What would our war dead think of the freedom for which they died?

A tour of America today might leave the warriors wanting a drink

This weekend's Memorial Day proclamation from President Barack Obama was like so many other gracious sentiments commemorating America's war dead.

And like all the others, whether delivered by a president or by some junior councilman from the smallest burg, it mentioned the magic word:

Freedom.

"From Concord to the Korengal, generations of brave warriors have fought for freedom across sand and snow, over mud and mountains, into lonely deserts and through crowded streets," Mr. Obama's proclamation reads.

"Today, we pay tribute to those patriots who never came back — who fought for a home to which they never returned, and died for a country whose gratitude they will always have."

Politicians love using the word "freedom." Unfortunately, our war dead can't hear them.

But haven't you ever wondered what they would say if they could return to this modern America, this 2013 America, and see what we've done with the freedom they purchased with their lives?

They'd certainly look strange in their uniforms, the Revolutionary War heroes with the Civil War fighters touring the country with those from World War I and every war since. And America would seem equally strange to them.

Obviously, the Returned would need a federal guide.

"These are our surveillance cameras," Federal Guide would say, pointing to the cameras on street light poles, telling them about the cameras on bridges, on the sides of buildings, at airports, buses and trains, on public streets and quiet corners. Cameras at tollbooths. Cameras everywhere.

"The cameras watch you wherever you go?" a soldier from Valley Forge might ask, leaning on his musket, after an Iraq veteran explained how cameras work.

"And these here cameras protect your freedom?"

"Yes, and please put out that pipe," says Federal Guide. "This is a public park. There is no smoking here. The cameras can see you. But yes, the cameras protect us and make us feel secure."

Federal Guide would explain about the computers that can track license plates of cars and facial-recognition software that allows pedestrians to be followed for miles. And up in the sky, he'd tell them about cameras on satellites and drones.

The Returned would also learn all about our cellphones, those wonderful squares of plastic and metal that never leave our sides, gizmos that can be used to play video, read the news and perform many other tasks. The Returned would marvel that we can call our friends, and even send messages of our most private thoughts to people we've never met.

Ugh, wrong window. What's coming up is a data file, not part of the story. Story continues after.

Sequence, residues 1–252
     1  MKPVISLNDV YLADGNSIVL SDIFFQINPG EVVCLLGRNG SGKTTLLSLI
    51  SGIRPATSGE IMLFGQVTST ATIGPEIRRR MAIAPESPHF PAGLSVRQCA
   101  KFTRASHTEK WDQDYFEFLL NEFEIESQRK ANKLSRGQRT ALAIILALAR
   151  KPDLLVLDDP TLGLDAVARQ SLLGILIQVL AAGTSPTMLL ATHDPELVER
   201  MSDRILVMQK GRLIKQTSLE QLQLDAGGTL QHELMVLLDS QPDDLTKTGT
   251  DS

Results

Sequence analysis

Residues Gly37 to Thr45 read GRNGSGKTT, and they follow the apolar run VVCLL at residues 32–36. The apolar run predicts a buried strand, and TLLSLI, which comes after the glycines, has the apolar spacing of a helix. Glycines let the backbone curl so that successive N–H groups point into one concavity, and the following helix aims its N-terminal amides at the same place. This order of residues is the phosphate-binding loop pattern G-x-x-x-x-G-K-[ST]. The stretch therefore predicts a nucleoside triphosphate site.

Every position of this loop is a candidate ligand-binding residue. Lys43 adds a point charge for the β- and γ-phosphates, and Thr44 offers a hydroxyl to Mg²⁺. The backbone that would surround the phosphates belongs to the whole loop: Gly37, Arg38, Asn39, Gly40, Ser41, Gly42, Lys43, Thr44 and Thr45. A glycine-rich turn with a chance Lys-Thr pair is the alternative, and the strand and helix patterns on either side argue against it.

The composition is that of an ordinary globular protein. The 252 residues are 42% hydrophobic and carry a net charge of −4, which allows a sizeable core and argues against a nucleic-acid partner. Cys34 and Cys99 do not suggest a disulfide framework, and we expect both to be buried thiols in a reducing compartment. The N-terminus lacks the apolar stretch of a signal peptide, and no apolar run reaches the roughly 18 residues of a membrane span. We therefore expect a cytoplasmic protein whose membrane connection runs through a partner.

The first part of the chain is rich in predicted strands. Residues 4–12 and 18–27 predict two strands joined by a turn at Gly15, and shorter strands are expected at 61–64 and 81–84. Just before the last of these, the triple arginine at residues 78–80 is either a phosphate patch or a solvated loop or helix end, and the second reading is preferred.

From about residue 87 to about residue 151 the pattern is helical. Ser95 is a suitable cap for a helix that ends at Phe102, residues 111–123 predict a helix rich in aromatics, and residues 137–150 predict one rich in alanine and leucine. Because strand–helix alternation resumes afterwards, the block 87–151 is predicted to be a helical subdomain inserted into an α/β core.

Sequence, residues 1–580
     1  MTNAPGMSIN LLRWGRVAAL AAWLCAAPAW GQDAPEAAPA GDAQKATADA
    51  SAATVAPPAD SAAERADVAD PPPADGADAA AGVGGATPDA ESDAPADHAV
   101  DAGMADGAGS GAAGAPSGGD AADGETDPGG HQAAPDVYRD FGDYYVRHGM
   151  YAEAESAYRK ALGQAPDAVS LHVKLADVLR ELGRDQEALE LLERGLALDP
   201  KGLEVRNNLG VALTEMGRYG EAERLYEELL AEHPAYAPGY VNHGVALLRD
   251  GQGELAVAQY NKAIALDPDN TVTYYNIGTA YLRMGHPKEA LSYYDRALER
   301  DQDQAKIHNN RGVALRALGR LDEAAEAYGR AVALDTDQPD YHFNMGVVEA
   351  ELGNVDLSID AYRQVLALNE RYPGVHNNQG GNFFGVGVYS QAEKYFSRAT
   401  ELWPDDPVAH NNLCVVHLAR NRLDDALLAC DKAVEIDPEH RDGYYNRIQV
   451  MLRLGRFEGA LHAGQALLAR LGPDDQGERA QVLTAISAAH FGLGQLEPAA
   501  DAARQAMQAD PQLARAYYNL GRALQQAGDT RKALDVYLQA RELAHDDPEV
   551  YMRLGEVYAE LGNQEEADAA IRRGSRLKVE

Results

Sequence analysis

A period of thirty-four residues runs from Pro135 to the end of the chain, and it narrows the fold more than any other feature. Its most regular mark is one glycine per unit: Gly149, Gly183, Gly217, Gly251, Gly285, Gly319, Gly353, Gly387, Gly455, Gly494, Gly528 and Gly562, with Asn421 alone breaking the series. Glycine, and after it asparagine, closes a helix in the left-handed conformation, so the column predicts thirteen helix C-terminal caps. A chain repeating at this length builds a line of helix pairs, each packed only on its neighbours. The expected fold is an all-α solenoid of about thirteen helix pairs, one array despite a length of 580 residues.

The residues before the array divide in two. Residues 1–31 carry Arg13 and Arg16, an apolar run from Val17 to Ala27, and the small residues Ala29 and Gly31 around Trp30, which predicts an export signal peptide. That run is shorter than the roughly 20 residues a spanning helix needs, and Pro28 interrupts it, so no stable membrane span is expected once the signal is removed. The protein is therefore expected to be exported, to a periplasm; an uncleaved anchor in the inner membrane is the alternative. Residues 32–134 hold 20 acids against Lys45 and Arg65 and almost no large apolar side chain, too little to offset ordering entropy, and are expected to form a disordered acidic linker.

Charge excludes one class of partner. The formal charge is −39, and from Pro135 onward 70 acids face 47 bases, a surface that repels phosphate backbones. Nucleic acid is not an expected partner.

Some might be shocked to learn that some of our leaders even send photos of their private parts to people they don't know.

"Anthony Weiner is running for mayor of New York after doing that?" a World War II Marine might ask. "You've got to be kidding."

"No," says Federal Guide. "This is America. We're free. And cellphones have made everyone free to communicate with everyone else."

He'd explain about data mining, and how the phone companies sell personal information to other companies, following customers into stores, ballparks, anywhere. And, how these patterns allow the companies to tailor marketing strategies to free Americans.

Wherever free Americans go, their phones go with them, and this is how they may be tracked.

"They can follow you with these phones?" asks a sailor who served with John Paul Jones. "Why don't you call them dog collars instead?"

They'd be amazed at those new large-screen, high-definition televisions, with movies and sports, including baseball.

"That's baseball?" says a Civil War veteran. "That's what it is?"

And they'd learn about patents pending for devices like one that allows the TVs to listen to what we free Americans say in our homes, whether we argue with our spouses, or play with our dogs. And then the TV will send targeted ads to the home, ads for marriage counseling, ads for Prozac, ads for dog food.

Other gizmos allow the TV to recognize faces, and determine how many people are watching. And other technology stores our electronic correspondence, and searches for hints of bad tidings, in the name of keeping us free, says the guide.

"I don't feel so good," says a WWI infantryman on the tour. "I feel queasy in the stomach."

"OK, then," says Federal Guide. "Let's watch the news."

One story shows Republicans who've gorged on political contributions from defense contractors pushing for war after war in the name of freedom. ... Another explains the Democratic Obama administration scandal of the IRS targeting conservative and tea party political groups before the presidential election.

Yet another report focuses on Benghazi, and the former secretary of state defending herself, and the four Americans left to die there, including the two former Navy SEALs who fought for hours on the rooftops, waiting for help that never came.

The Returned watch, say nothing, then stare at their boots.

"There's still so much for you to see," says Federal Guide. "Let's get to it."

But the Returned say they're tired of the freedom tour.

"Look, uh, the guys just want some barbecue before we go back home," says the sailor. "I haven't eaten anything since I was on the Bonhomme Richard, and I could sure use a drink."

Visibly upset, Federal Guide tries to stop them. "There's so much to do," he whines, biting his lip.

"No thanks, we're done," says the sailor. "I mean, like she said on TV, what difference, at this point, does it make?"

— You know that Memorial Day isn't about barbecue. But it does mark the beginning of the grilling season. So if you're looking for some of my favorite recipes and videos, you'll find them on my Facebook page at facebook.com/JohnKassTribune.

jskass@tribune.com

Twitter @John_Kass

CHICAGO

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